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Similar in some ways to painted steel, powder coated steel also provides barrier protection to the substrate steel. The process of powder coating involves covering a surface with powder material, then curing it in an oven to set the finish.

This can be achieved either by spraying electrostatically charged powder onto the piece, or by lowering it into a fluidized bed of powder. Powder coatings can incorporate color or be comprised of various formulations to address specific needs, such as protection from chemicals, abrasion, and ultraviolet rays.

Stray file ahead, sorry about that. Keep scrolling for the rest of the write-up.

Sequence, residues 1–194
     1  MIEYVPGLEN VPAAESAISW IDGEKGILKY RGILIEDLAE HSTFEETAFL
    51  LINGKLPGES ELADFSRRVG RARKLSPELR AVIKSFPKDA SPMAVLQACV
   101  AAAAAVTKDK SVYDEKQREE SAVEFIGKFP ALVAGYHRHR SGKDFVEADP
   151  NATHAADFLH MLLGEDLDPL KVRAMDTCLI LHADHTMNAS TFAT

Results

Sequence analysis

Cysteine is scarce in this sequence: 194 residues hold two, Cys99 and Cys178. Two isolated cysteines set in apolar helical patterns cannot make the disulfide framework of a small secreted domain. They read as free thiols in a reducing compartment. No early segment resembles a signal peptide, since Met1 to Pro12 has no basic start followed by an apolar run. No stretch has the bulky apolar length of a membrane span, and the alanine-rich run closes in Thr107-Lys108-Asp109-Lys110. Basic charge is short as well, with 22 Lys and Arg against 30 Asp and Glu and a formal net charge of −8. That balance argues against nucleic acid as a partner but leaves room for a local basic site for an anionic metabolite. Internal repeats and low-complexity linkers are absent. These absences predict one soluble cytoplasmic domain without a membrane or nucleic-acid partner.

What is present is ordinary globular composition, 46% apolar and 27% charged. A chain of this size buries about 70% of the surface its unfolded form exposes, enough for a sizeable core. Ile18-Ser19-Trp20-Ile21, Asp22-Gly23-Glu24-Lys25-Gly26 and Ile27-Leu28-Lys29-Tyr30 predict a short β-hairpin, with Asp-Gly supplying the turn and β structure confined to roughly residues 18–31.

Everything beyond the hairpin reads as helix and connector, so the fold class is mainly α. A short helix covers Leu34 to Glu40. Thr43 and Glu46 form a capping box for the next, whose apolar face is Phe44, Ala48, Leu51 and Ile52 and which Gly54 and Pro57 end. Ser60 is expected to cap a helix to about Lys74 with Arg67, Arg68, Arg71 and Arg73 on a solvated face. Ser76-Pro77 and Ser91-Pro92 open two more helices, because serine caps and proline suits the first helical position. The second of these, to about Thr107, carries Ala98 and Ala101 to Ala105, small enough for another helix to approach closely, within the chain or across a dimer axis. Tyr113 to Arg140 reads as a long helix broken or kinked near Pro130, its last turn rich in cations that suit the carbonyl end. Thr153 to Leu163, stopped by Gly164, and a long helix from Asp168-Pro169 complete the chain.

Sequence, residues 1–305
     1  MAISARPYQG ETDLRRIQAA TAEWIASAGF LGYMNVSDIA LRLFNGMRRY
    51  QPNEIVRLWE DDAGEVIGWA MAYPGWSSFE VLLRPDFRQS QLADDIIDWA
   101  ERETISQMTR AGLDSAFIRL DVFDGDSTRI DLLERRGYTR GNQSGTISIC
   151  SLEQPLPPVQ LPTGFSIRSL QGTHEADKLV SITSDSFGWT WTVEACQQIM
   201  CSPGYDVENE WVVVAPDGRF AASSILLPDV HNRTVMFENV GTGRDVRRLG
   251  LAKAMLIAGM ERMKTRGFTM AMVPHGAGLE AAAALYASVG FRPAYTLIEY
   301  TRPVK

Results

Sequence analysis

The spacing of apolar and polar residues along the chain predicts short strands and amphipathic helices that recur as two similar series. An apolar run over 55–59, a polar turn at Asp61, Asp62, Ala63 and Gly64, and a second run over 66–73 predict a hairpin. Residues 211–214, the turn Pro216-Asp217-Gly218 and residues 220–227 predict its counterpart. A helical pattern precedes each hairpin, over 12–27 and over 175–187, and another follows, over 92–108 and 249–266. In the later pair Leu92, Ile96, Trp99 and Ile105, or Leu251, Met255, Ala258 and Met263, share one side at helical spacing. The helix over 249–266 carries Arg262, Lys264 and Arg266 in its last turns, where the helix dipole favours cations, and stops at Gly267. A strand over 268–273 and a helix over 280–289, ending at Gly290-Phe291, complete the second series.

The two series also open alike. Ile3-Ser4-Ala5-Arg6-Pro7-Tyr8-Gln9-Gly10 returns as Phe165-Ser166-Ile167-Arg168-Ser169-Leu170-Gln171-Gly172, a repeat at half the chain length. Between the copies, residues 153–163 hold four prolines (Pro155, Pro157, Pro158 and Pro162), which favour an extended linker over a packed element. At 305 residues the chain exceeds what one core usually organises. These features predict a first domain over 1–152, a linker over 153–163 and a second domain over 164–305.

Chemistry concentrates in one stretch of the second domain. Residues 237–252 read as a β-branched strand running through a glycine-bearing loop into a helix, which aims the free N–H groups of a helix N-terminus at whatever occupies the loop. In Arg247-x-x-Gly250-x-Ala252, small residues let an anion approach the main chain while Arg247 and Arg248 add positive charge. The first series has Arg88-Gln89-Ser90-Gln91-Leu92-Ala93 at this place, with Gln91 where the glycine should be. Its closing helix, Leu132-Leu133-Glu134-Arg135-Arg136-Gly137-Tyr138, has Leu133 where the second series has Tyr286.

Powder coating oven used to cure the coating and outgas hot-dip galvanized pieces before powder coating

Once coated with powder, the piece is then cured in an oven heated to between 375 F and 400 F to melt, flow together over the piece, gel into a smooth film, and then dry with a firm, durable finish. The final coating can vary from high gloss to matte depending on the formulation of the powder.

As with paint, adhesion is critical to provide a consistent, uniform powder coating free of any sags, drips, runs or bubbles. Though it is also mechanically-bonded to the metal, a powder coating applied with care and regularly maintained will not crack, chip, or peel as paint can. The performance of the coating is based on the formulation and the environment in which it is placed.  Powder coating is a factory applied process and can be limited by the size of the spray booth or the curing oven.